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Publication numberUS20060251812 A1
Publication typeApplication
Application numberUS 11/458,436
Publication dateNov 9, 2006
Filing dateJul 19, 2006
Priority dateJul 19, 2001
Also published asUS7098131, US20040219784
Publication number11458436, 458436, US 2006/0251812 A1, US 2006/251812 A1, US 20060251812 A1, US 20060251812A1, US 2006251812 A1, US 2006251812A1, US-A1-20060251812, US-A1-2006251812, US2006/0251812A1, US2006/251812A1, US20060251812 A1, US20060251812A1, US2006251812 A1, US2006251812A1
InventorsSang-Bom Kang, Byung-hee Kim, Kyung-In Choi, Gil-heyun Choi, You-Kyoung Lee, Seong-Geon Park
Original AssigneeSang-Bom Kang, Kim Byung-Hee, Kyung-In Choi, Choi Gil-Heyun, You-Kyoung Lee, Seong-Geon Park
Export CitationBiBTeX, EndNote, RefMan
External Links: USPTO, USPTO Assignment, Espacenet
Methods for forming atomic layers and thin films including a tantalum amine derivative and devices including the same
US 20060251812 A1
Abstract
Atomic layers can be formed by introducing a tantalum amine derivative reactant onto a substrate, wherein the tantalum amine derivative has a formula: Ta(NR1)(NR2R3)3, wherein R1, R2 and R3 are each independently H or a C1-C6 alkyl functional group, chemisorbing a portion of the reactant on the substrate, removing non-chemisorbed reactant from the substrate and introducing a reacting gas onto the substrate to form a solid material on the substrate. Thin films comprising tantalum nitride (TaN) are also provided.
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Claims(22)
1. A method of forming a thin film comprising:
mixing a tantalum amine derivative having a formula: Ta(NR1)(NR2R3), wherein R1, R2 and R3 are each independently H or a C1-C6 alkyl functional group, with a reacting gas comprising hydrogen (H2), ammonia (NH3), silane (SiH4), disilane (Si2H6) or a combination thereof to form a mixture; and
depositing the mixture on a substrate.
2. The method of claim 1, wherein the tantalum amine derivative comprises tertiary amyl imido-tris-dimethylamido tantalum (Ta(NC(CH3)2C2H5(N(CH3)2)3).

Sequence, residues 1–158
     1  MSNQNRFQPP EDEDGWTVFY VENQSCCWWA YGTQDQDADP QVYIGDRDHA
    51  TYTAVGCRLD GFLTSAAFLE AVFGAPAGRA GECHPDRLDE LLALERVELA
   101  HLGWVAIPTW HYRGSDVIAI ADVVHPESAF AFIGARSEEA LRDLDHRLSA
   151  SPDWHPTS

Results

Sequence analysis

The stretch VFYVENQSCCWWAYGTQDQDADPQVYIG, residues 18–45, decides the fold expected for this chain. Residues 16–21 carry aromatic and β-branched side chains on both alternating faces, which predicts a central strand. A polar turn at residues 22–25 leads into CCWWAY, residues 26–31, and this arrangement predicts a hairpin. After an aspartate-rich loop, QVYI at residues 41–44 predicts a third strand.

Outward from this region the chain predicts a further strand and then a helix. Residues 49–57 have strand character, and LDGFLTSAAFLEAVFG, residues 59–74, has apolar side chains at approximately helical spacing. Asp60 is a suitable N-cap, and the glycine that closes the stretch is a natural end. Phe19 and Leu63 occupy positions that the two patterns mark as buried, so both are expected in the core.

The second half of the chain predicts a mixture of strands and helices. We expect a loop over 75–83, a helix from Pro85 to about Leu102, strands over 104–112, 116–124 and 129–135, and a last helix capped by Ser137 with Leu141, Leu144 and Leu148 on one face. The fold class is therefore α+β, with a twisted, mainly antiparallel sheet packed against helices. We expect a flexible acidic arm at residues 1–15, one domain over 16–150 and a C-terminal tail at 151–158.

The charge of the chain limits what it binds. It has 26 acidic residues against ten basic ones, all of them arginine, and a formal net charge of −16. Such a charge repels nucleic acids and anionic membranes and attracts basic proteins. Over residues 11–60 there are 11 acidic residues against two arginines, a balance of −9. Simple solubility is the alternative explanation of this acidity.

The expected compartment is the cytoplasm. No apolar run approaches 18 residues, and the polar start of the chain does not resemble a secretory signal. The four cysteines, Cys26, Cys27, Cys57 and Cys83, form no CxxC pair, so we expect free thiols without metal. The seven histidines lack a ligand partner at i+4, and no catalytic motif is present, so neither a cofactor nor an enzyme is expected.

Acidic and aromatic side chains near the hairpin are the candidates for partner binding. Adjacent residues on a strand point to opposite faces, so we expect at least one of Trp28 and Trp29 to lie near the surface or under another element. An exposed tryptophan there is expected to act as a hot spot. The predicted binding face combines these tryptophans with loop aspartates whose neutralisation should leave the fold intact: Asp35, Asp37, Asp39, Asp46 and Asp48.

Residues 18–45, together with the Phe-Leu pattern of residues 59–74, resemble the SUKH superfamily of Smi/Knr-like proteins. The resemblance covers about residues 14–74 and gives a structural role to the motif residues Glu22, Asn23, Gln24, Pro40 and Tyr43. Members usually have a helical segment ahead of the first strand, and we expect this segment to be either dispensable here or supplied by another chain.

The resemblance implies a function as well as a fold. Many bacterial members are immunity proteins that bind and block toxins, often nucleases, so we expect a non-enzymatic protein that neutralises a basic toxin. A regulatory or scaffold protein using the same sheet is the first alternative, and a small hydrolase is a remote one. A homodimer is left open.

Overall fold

3. The method of claim 1, wherein the reactant excludes a halogen component.
4. The method of claim 1, wherein depositing the mixture is performed by a chemical vapor deposition (CVD) process.
5. The method of claim 1, wherein depositing the mixture is performed by a thermal chemical vapor deposition (CVD) process or a plasma enhanced chemical vapor deposition (PECVD) process.
6. The method of claim 1, wherein the method further comprises mixing an inert gas with the tantalum amine derivative.
7. The method of claim 6, wherein the inert gas comprises argon (Ar), helium (He), nitrogen (N2) or a combination thereof:
8. The method of claim 1, wherein the reacting gas comprises activated hydrogen (H2), activated ammonia (NH3), activated silane (SiH4), activated disilane (Si2H6) or a combination thereof
9. The method of claim 8, wherein the activated reacting gas is obtained by a remote plasma process.
10. The method of claim 1, wherein the thin film comprises a tantalum nitride (TaN).
11. The method of claim 1, wherein depositing the mixture is carried out at a temperature of about 100° C. to about 550° C.
12. The method of claim 1, wherein depositing the mixture is carried out at a temperature of about 150° C. to about 300° C.
13. A method of forming a thin film comprising
forming an insulating layer on a substrate including therein an opening exposing a surface portion of the substrate; and
introducing a tantalum amine derivative as a reactant onto the insulating layer having the opening with a reacting gas comprising hydrogen (H2), ammonia (NH3), silane (SiH4), disilane (Si2H6) or combinations thereof to form a tantalum nitride (TaN) thin film, wherein the tantalum amine derivative has a formula Ta(NR1)(NR2R3), wherein R1, R2 and R3 are each independently H or a C1-C6 alkyl functional group.
14. The method of claim 13, wherein the reactant excludes a halogen component.
15. The method of claim 13, wherein the method is performed at a temperature of about 100° C. to about 350° C.
16. The method of claim 13, wherein an inert gas comprising argon (Ar), helium (He), nitrogen (N2) or a combination thereof is additionally mixed with the reactant.